In another case, review board members heard allegations that in the 1960s, some members of the monastery abused a monk who has since left the order. Abbey officials said this week that the review board interviewed people named by the accuser but that the allegations were not found to be credible.
In another case made public two years ago, Robert Flavin, a deacon and former teacher at Delbarton, was accused of groping a former student in 1981. The student was an adult at the time.
Flavin, who denied the charges through an attorney, did not appear before the review board, which found the accusations to be credible. Abbey officials say they want the deacon removed from the clergy in a process called laicization.
Paterson Diocese officials sent papers to Rome this past June to begin the process -- one year after they announced Flavin would be laicized.
Marianna Thompson, a spokeswoman for the Paterson Diocese, explained the delay this week by saying that the official charged with gathering the paperwork had been busy with other duties.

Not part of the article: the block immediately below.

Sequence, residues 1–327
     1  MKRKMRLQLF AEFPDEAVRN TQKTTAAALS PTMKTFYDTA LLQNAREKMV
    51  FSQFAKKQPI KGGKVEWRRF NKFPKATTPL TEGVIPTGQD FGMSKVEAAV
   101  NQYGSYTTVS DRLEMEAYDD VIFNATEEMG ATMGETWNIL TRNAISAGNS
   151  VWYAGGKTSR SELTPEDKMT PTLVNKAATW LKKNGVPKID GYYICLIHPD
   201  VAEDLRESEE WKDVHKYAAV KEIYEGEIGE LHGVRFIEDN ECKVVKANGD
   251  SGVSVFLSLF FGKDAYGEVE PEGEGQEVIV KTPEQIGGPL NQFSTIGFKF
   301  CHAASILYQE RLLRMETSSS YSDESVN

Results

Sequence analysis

The Flavin case also raised questions about how St. Mary's officials handled past allegations of abuse. They have acknowledged that Flavin worked for a time at Resurrection parish in Randolph, years after one Abbey official was told, in 1991, about the sexual abuse allegations. Abbey officials also have acknowledged that Flavin was caught drinking with students at the monastery in 1987 but was not immediately fired. They said he was told, at the time, that he would not have a teaching position the following year.
In another case not mentioned in the statement, St. Mary's officials acknowledged that another priest continued working in the monastery and rose to the rank of prior after being arrested and charged with purchasing cocaine in 1991.
According to a Daily Record story in 1991, the Rev. Patrick Hurley was charged with buying cocaine from a Denville drug ring. Lorenzo said the charges were dismissed later because Hurley agreed to undergo treatment. Hurley was named prior of the monastery two years ago, Lorenzo said, but stepped down earlier this year for personal reasons.